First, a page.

CAIRO, Egypt — Al-Qaida chief Osama bin Laden called on Europeans to stop helping the United States in the war in Afghanistan, according to excerpts of a new audiotape broadcast Thursday on Al-Jazeera television.
Bin Laden said it was unjust for the United States to have invaded Afghanistan for sheltering him after the Sept. 11 terror attacks, saying he was the "only one responsible" for the deadly assaults on New York and Washington.
"The events of Manhattan were retaliation against the American-Israeli alliance's aggression against our people in Palestine and Lebanon, and I am the only one responsible for it. The Afghan people and government knew nothing about it. America knows that," the al-Qaida leader said in the five-minute tape.
The message appeared to be another attempt by bin Laden to influence public opinion in the West. In 2004, he offered Europeans a truce if they stopped attacking Muslims, then later spoke of a truce with the U.S. In both cases, al-Qaida then denounced those areas for not accepting its offer.
The terror leader said Afghans have been caught up in decades of struggle, first "at the hands of the Russians ... and before their wounds had healed and their grief had ended, they were invaded without right by your unjust governments."
He said that two separate injustices were visited upon Afghanistan as the Taliban was toppled in 2001: First, the war was "waged against the Afghans without right", and second coalition troops have not followed the "protocol of warfare," with the result that most bomb victims have been women and children.
"I have personally witnessed incidents like these, and the matter continues on an almost daily basis," he said.
State Department spokesman Sean McCormack dismissed the new tape as typical of bin Laden's tactics and expressed faith in the European allies.
"I think our NATO allies understand quite clearly what is at stake in Afghanistan as well as elsewhere around the world in fighting the war on terror," he told reporters. "It's going to require a sustained commitment over a period of time and we have seen that kind of commitment from our European allies."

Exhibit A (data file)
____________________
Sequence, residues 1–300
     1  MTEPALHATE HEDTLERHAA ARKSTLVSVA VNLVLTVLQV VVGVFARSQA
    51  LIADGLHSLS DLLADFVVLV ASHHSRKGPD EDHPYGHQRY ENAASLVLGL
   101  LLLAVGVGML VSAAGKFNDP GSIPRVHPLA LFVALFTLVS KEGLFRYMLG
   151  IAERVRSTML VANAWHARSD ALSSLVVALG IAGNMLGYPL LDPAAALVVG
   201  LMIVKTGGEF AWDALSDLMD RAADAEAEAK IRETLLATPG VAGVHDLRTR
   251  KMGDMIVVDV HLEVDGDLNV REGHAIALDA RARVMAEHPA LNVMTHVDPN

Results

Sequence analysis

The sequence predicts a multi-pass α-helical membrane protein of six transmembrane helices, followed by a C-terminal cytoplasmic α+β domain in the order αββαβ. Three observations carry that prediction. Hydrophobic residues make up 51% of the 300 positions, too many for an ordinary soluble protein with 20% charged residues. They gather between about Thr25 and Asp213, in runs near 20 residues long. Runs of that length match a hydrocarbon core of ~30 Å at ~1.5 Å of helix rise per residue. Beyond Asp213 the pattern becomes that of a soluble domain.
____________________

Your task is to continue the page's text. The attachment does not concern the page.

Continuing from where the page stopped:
FBI analysts were reviewing the tape but were not immediately able to say how long it was or when it might have been recorded nor could they provide other details. Spokesman Richard Kolko said it was being examined "to determine if it is authentic and for any intelligence value."
"As the FBI has said since 9/11, bin Laden was responsible for the attack," Kolko said in a statement. "In this latest tape, he again acknowledged his responsibility. This should help to clarify for all the conspiracy theorists, again _ the 9/11 attack was done by bin Laden and al-Qaida."
This has been the deadliest year in Afghanistan since the U.S.-led invasion in late 2001, with more than 6,100 people killed _ including more than 800 civilians _ in militant attacks and military operations, according to an Associated Press tally of figures from Afghan and Western officials.
In the new tape, bin Laden said European nations joined the U.S. invasion of Afghanistan "because they had no other alternative, only to be a follower."
"The American tide is ebbing, with God's help, and they will go back to their countries," he said, speaking of Europeans.
Bin Laden urged Europeans to pull away from the fight.
"It is better for you to stand against your leaders who are dropping in on the White House, and to work seriously to lift the injustice against the believers," he said, accusing U.S. forces and their allies of intentionally killing women and children in Afghanistan.
Al-Jazeera aired two brief excerpts of the audiotape, titled "Message to the European Peoples," which al-Qaida had announced Mondday that it would release soon.
Bin Laden issued four public statements earlier this year _ on Sept. 7, Sept. 11, Sept. 20 and Oct. 22. The Sept. 7 video was his first in three years and was issued to mark the sixth anniversary of the Sept. 11 attacks.
Al-Qaida has dramatically stepped up its messages _ a pace seen as a sign of its increasing technical sophistication and the relative security felt by its leadership. Bin Laden is believed to be hiding along the Afghan-Pakistan frontier.
Bin Laden's message was the 89th this year by Al-Qaida's media wing, Al-Sahab, an average of one every three days, double the rate in 2006, according to IntelCenter, a U.S. counterterrorism group that monitors militant messaging.